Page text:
The way a website looks and feels to the user is important in the experience a person will have while online. Nathan Shedroff has written extensively about 'the online experience'. As people are unique, they will each have their own experience, but, Shedroff identified several factors that are important to any good experience and should be incorporated in the online design. I have adapted these a little to incorporate in these the issues important in creating a positive online learning experience.
These six principles are:
1. Time and duration: A learning experience will quite often start before the learner even puts fingers on key board; a process of reflection precedes the actual learning activity, and thinking processes might continue long after the actual online activity has finished.
2. Interactivity. People can interact with people and resources online and for the creation of meaningful learning experiences it will be important to ensure that the layout and connections between the two, information and communications tools to connect people through the interface, are intuitive and make sense to the learner.
3. Intensity. The level and depth of these interactions will be important to the experience people have. The higher the level of engagement in the interactions, the deeper the experieince.
4. Sensorial and cognitive triggers. ‘There are many ways to view the same thing, though we often become so accustomed to certain standard views that we take the possibilities for granted and forget to even explore alternatives.’ (Shedroff, 2009, p70). Trying to find new forms to present, represent and visualize what we are trying to communicate will be important in engaging learners in learning activities. ‘The most important aspect of any design is how it is understood in the minds of the audience.’ (Shedroff, 2009, p60) Everyone will create mental maps of what they have experienced and the crunch is to design the PLE in such a way that what you would like the learner to remember or know will remain in his mind. Which once again makes the design of the interface of the PLE important.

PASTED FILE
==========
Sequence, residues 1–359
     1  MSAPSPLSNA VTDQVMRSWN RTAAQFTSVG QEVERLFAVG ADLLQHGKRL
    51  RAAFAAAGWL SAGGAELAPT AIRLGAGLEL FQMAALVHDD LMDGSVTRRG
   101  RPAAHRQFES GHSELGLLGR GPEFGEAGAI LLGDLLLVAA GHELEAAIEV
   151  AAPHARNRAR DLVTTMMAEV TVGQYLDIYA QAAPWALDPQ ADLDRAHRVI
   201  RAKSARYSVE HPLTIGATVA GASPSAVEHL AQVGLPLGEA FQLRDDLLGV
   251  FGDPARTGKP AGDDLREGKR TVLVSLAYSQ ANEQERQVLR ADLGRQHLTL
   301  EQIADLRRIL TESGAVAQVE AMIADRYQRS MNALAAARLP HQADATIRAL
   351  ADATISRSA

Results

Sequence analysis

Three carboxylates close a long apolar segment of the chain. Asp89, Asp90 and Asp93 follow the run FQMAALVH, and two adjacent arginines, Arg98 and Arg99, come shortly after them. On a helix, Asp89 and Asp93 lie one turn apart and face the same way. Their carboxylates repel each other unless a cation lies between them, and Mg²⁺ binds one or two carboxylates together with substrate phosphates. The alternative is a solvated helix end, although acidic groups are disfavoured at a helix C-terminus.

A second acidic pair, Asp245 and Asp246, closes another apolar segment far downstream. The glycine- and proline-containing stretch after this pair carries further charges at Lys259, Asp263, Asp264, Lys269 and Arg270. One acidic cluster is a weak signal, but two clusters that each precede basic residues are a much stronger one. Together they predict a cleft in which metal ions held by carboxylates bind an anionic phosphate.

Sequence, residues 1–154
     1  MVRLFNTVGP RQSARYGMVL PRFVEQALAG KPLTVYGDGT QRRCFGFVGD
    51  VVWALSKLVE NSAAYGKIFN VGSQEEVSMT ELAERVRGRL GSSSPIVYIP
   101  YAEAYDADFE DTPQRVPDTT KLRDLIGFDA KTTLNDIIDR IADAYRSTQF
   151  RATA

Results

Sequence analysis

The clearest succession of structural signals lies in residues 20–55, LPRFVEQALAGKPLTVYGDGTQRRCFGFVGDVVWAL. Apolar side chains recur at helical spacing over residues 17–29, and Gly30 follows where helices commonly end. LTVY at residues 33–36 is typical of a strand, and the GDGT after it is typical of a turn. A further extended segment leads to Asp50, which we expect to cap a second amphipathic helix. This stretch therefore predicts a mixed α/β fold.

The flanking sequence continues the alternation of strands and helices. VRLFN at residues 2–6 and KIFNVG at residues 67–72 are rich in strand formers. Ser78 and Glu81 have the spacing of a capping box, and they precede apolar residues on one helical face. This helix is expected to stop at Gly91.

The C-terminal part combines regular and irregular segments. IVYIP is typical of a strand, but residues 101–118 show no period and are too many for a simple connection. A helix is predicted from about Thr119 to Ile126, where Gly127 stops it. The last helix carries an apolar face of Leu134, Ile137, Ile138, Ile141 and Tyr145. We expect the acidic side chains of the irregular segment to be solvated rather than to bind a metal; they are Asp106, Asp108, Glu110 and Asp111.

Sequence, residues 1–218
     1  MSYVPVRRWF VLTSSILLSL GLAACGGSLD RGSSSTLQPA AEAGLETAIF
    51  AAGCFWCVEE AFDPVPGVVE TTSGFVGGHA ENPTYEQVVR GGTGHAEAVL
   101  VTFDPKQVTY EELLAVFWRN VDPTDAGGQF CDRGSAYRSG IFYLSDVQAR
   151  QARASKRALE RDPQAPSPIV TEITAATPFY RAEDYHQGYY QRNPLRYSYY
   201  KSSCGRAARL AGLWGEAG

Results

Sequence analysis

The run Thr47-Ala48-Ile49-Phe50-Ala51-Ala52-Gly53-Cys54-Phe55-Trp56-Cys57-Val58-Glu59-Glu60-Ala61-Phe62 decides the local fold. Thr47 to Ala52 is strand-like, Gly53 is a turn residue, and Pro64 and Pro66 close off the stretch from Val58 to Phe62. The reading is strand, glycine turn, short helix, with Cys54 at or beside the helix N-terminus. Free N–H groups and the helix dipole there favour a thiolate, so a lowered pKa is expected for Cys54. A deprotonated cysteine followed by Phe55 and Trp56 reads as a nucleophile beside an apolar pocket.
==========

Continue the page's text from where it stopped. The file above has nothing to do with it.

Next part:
5. Breadth and consistency. The design of the learning experience, through the PLE interface, should be consistent. People experience not only with their finger tips on the key board, but as a whole person; through the senses, but also cognitively and emotionally, so the whole experience should make sense to people and 'hang together', be holistic, even though details could be different.
6. Significance and meaning. Shedroff claims that if all these factors are incorporate in the design of the experience, it will be meaningful. I would like to add issues of relevance here as well as the more relevant the information on the site is, the higher the motivation to use it and the more meaningful it will be.
There are also a few other issues of importance to the design of the PLE interface, related to usability. Accessibility is one; after all, if people cannot access what they would like to learn, they cannot experience it. Simplicity and 'learnability' are two other issues. The simpler the operation of the site, through the interface, and the easier it is to learn how it 'works', the better the accessibility. In the technological landscape of today there will be a need to weigh up the accessibility issues against what is now possible in terms of interface design and tools and applications used. The W3C has set worldwide standards for accessibility.
Peter Korn from Sun Microsystems advocates thinking about accessibility issues from the start of the design and development process as it is difficult to adapt a site to full accessibility at a later date. A site that is fully accessible to all, including to people who use screen readers for reading text, might not have all the flash visual and interactive 'bells and whistles' that can now be created. An alternative that is seen quite often is the design of two sites: one text based and another that contains a variety of images and objects. Choices will have to be made!